Ascher laboratory: Structural biology and bioinformatics
On-going technological advancements have led to dramatic increases in the amounts of biological data being generated. Along with the evolution of high performance computing and computational tools, this has provided us with a wealth of information, analytical power and the opportunity to investigate fundamental health and biotechnological problems of a different magnitude and kind, complementary to and able to guide conventional approaches. Our group is interested in developing and experimentally validating novel computational methods to exploit this data, enhancing the impact of genome sequencing, structural genomics, and functional genomics on biology and medicine.
One of our main areas of interest is in the development of predictive and analytical tools and databases to investigate and understand the relationship between protein sequence, structure and function and phenotype, allowing us to gain unique insights into:
- The molecular basis of genetic diseases, including cancer;
- Understanding the molecular mechanisms behind drug resistance, to guide personalized patient treatment and the development of resistance resistant drugs;
- Evolutionary insights derived from the analysis of protein structure and function;
- Small molecule activity and toxicity as an aid to the design of novel drugs.
Keywords: Machine learning, databases, mutations, genetic disease, drug resistance, cancer, molecular mechanism, homology modelling, protein structure and function, small molecules, drug development.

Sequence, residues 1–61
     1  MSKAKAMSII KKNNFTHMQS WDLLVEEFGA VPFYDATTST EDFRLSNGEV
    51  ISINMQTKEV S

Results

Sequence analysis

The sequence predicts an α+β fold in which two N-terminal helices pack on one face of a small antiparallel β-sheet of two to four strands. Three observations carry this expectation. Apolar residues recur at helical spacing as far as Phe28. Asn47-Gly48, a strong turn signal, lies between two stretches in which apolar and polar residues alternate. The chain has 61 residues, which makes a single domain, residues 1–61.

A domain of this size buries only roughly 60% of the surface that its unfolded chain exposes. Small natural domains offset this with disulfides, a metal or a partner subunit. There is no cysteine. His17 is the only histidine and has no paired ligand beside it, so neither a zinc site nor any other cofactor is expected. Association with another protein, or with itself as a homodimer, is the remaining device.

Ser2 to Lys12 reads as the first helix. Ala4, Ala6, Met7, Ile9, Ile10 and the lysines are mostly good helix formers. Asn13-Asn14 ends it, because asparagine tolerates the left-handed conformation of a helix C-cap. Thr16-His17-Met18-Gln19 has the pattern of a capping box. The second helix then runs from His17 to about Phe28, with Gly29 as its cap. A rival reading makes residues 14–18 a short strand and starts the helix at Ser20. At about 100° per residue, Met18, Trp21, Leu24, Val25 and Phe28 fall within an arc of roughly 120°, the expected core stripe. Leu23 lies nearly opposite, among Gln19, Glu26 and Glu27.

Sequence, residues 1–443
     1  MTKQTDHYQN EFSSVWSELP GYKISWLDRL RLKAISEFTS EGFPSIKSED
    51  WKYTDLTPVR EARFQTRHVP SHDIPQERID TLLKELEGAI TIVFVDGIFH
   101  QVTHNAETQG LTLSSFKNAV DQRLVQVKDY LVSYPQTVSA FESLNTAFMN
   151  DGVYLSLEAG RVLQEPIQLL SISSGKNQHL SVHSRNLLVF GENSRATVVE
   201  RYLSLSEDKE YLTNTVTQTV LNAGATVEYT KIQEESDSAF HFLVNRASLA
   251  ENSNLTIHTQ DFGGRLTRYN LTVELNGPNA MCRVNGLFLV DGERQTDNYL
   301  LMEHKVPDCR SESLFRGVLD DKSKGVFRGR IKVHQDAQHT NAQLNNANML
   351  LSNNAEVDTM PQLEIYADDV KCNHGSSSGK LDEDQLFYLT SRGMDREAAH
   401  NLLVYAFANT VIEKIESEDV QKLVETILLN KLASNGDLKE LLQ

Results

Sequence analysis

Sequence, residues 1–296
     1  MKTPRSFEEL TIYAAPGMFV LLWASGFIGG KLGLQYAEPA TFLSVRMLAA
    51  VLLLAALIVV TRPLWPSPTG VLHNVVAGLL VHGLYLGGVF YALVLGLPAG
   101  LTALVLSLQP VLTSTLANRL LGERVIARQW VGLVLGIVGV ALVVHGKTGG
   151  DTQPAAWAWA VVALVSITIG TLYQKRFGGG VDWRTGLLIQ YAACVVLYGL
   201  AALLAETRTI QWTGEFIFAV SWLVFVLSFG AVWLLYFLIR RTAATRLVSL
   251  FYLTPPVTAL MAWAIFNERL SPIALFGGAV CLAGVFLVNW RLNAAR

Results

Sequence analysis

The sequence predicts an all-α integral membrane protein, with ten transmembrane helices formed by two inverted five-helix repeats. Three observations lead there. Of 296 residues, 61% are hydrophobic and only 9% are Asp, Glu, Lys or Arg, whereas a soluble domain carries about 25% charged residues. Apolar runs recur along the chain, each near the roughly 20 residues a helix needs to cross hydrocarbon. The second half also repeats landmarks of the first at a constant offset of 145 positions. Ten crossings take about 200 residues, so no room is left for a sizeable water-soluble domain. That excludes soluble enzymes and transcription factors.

We have developed and host a wide range of widely used and freely-available tools, including:
- Arpeggio: Calculation and visualisation of all molecular interactions.
- MTR Viewer: Quantification of the extent of localized purifying selection in protein-coding sequences.
- mCSM-Stability: Predicting effects of mutations on protein stability.
- DUET: An integrated method for predicting effects of mutations on protein stability.
- SDM2: An optimised knowledge based method for predicting effects of mutations on protein stability.
- mCSM-PPI: Predicting effects of mutations on the affinity of protein-protein interactions.
- mCSM-AB: Predicting effects of mutations on antibody-antigen binding affinity.
- mCSM-NA: Predicting effects of mutations on the affinity of protein-nucleic acid interactions.
- mCSM-NAv2: Optimised predictions of the effects of mutations on the affinity of protein-nucleic acid interactions.